Minneapois Institute of Arts
New Pictures at the Minneapolis Institute of Arts

Museum Ethics Help Build the Collection

Posted Aug 4, 2011

Vance Gellert, American born 1944
The Ring, 1994
Dye bleach color print
The Ethelyn Bros Photography Purchase Fund 2001.124

Ten years ago, I was at a fund-raiser for pArts Gallery, then the local non-profit space for photography. Part of the event was a live auction of photographs donated by local and national artists. Vance Gellert, the director of pArts and a photographer in his own right, naturally, provided one of his own prints—an image from a series on his son he called “CarlVision.”

Vance participated in the auction that spring night by holding up the offered photographs and egging on bidders. Unfortunately, when his own picture, “The Ring,” came up, he had trouble getting anyone to bid. Though I admired the photograph, I had gone to the auction determined not to get carried away and spend any money. Nonetheless, I couldn’t bear seeing Vance’s own picture not sell, so I held up my hand and got it for just a few hundred dollars (much less than it was worth, despite the crowd’s disinterest).

But the picture was in my modest collection only over the weekend. Museum ethics require that any object a curator wants to purchase personally must first be offered to the museum, at the original price. This requirement prevents curators from trading on the expertise they have gained on the job for personal gain. Ted Hartwell, then the head of my department, agreed that Vance’s picture was a strong one and a bargain for the museum. So, the MIA reimbursed my purchase price and “The Ring” became part of its permanent collection.

Ultimately, everyone was happy; I didn’t end up spending money, Vance got his work into the museum collection (for the first time), and the MIA added to its holdings. This photograph is currently on display in the exhibition “Facing the Lens: Portraits of Photographers.”

Christian A. Peterson, associate curator of photographs

 

Inside Stories on the Permanent Collection

Posted May 2, 2011

Eadweard Muybrdige Portfolio Donated Before Museum Exists

Eadweard Muybridge, American (born England) 1830 – 1904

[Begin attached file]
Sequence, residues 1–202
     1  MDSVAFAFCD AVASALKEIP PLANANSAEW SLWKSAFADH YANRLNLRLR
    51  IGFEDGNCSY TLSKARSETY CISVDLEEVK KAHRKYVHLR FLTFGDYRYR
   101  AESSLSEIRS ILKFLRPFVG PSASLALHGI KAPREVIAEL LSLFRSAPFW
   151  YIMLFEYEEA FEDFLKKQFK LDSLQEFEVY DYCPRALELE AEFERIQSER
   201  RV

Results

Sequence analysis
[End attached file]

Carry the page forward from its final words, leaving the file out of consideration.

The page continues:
Animal Locomotion Plate 519, 1887
Collotype
Gift of Samuel C. Gale, William H. Hinkle, Albert Loring, Charles M. Loring, Charles J. Martin, and Charles Alfred Pillsbury 81.76.66

In 1887, Eadweard (correct spelling, but weird) Muybridge published his important series, Animal Locomotion, comprising nearly 800 plates showing both animals and humans in stop action. These images, among the first of their kind, were most useful to scientists who studied motion and artists who used them to draw and paint from.

Around 1900, fifteen years before the museum was founded, a group of six prominent Minneapolitans purchased a set of about one hundred and donated them to the Minneapolis School of Art, now the Minneapolis College of Art and Design. Among these civic-minded men were Charles M. Loring, the father of the Minneapolis park system and Charles Alfred Pillsbury, founder of a prominent flour milling company that still bears his name. Presumably, the material was well used by both students and faculty of the school for many years, but by the 1970s it had fallen into disuse. Consequently, Ted Hartwell, the new curator of photographs at the Institute, shepherded them over to the museum for safekeeping. They were formally accepted into the museum’s permanent collection in 1981, nearly a century after their creation, and now form one of our strengths in nineteenth-century photography.

Our group of eighty-three plates includes images of men, women, and children (both clothed and unclothed), and animals such as horses, buffalo, lions, tigers, and birds. The one pictured here features Muybridge himself going through two activities, and is on view through August 28, in the exhibition “Facing the Lens: Portraits of Photographers.”

Christian A. Peterson, associate curator of photographs